Study shows clinicians’ expectations of the benefits and harms of treatments and tests are often inaccurate

January 10, 2017

Health professionals rarely correctly estimated the benefits and harms of medical treatments and tests - accurate for only 11 per cent of the benefits and 13 per cent of the harms examined - potentially contributing to an increasing level of intervention overuse, a new study by Bond University has found.

The research, published today (Tuesday, January 10) in one of the world's most influential medical journals, JAMA Internal Medicine, is believed to be the first systematic review of clinicians’ expectations of the benefits and harms of medical interventions.

It found clinicians more often underestimated, rather than overestimated, the harms - and overestimated, rather than underestimated, the benefits - of interventions.

The study, conducted by Professor Tammy Hoffmann and Professor Chris Del Mar from Bond University's Centre for Research in Evidence-Based Practice (CREBP), reviewed 48 studies involving a total of 13,011 clinicians, mostly doctors, that examined expectations of treatments, medical imaging, and diagnostic and screening tests.

Professor Hoffmann said the inaccuracies occurred across a wide range of treatments, tests and screening tests.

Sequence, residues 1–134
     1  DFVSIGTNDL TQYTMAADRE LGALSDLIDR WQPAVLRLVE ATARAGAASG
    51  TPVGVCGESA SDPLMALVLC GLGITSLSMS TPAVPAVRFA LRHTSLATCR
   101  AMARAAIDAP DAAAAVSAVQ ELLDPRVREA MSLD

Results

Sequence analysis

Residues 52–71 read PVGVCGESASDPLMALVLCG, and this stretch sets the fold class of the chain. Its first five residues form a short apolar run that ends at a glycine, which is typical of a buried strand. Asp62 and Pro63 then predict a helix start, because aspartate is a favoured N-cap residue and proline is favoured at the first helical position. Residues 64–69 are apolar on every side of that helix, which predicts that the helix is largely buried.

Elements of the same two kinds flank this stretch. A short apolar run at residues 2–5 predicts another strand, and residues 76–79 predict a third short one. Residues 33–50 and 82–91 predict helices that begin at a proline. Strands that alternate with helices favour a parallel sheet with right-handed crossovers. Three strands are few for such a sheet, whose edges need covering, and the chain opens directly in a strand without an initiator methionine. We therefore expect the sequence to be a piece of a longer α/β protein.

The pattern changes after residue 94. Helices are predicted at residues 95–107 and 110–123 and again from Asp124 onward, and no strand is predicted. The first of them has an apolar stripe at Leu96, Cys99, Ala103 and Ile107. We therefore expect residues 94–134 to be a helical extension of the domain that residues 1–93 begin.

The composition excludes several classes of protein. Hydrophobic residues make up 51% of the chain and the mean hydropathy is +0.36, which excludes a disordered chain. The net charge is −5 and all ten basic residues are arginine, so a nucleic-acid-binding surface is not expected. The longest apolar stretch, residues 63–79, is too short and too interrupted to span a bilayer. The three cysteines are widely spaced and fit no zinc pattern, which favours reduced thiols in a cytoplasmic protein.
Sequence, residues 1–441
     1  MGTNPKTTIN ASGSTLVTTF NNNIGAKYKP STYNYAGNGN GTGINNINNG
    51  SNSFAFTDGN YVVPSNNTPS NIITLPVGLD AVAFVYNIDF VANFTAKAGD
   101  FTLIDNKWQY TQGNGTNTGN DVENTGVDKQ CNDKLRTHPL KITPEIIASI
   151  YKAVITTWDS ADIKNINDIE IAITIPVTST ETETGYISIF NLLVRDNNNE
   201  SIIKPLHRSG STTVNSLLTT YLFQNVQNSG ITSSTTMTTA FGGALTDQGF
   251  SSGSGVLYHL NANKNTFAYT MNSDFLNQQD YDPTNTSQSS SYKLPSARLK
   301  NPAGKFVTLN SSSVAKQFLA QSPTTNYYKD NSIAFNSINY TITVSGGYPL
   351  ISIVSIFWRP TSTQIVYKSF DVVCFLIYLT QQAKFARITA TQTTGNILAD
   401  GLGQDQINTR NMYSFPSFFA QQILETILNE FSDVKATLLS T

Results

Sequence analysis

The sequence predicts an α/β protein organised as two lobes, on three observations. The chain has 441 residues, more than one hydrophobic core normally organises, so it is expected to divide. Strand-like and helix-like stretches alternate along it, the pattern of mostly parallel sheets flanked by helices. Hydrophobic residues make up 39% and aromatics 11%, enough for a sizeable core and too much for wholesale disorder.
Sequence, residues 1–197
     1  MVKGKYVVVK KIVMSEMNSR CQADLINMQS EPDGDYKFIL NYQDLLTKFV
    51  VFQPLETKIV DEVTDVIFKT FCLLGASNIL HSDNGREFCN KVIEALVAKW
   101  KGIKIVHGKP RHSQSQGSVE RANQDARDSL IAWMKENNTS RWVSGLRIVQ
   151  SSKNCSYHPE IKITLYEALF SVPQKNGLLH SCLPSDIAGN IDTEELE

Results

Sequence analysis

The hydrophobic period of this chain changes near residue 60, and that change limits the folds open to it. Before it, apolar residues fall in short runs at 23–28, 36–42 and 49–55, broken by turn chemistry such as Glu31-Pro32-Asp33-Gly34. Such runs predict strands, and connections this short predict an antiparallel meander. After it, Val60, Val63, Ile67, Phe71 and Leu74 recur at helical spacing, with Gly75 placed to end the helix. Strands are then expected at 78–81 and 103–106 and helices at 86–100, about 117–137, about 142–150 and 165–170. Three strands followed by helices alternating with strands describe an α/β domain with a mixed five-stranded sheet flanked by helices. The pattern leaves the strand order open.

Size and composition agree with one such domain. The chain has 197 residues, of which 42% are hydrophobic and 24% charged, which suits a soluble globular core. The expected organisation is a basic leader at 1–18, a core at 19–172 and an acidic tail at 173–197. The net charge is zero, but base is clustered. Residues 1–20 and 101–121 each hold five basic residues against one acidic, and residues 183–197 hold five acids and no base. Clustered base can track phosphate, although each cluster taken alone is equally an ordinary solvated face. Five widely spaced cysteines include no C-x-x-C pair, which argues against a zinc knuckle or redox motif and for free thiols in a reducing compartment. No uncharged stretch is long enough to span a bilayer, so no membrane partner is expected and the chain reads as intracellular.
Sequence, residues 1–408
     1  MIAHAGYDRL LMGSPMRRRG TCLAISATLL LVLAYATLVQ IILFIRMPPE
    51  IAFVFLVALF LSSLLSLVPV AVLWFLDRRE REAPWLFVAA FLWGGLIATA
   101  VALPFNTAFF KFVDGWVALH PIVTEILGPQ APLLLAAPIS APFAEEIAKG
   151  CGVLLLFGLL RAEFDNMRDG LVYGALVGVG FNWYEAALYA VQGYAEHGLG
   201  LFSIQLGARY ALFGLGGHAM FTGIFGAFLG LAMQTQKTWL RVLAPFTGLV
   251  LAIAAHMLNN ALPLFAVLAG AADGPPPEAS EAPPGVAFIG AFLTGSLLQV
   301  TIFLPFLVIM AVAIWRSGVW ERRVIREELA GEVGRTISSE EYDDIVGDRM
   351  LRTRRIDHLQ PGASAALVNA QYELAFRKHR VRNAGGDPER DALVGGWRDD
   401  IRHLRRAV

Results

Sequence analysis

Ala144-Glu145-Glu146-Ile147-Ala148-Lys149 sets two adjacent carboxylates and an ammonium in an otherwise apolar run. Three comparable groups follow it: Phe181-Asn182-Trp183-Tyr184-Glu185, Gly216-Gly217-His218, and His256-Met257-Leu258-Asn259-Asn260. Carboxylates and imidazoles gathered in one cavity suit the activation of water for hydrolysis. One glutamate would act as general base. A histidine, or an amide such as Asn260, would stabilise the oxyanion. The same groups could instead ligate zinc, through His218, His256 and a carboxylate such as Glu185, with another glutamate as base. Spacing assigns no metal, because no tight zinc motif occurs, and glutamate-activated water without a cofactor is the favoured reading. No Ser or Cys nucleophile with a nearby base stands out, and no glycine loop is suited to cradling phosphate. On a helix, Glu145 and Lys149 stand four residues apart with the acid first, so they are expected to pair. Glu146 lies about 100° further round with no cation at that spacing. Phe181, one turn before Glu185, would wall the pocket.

“We know from our earlier research that patients also have inaccurate expectations, and most people think that interventions will help more and harm less than they actually do," she said.

"The reality is, if both clinicians and patients are bringing inaccurate expectations into the consultation, the potential for misguided, ill-informed decisions is very high.

“Both patients and clinicians need ready access to high-quality, unbiased, easy-to-understand information about the benefits and harms of treatments and tests to see this improve in the future."

Professor Chris Del Mar said keeping up-to-date with the latest research was difficult for many clinicians.

“The amount of new research being published every day is staggering and keeping abreast of it all and working out what is quality research and what is not is a challenge,” he said.

“It is very important we find ways of helping to get accurate and up-to-date information about interventions’ benefits and harms into the conversations that clinicians and patients have." 

Please note; the study abstract is available at:

Hoffmann TC, Del Mar CB. Clinicians’ expectations of the benefits and harms of treatments, screening, and tests: a systematic review. JAMA Int Med. doi:10.1001/jamainternmed.2016.8254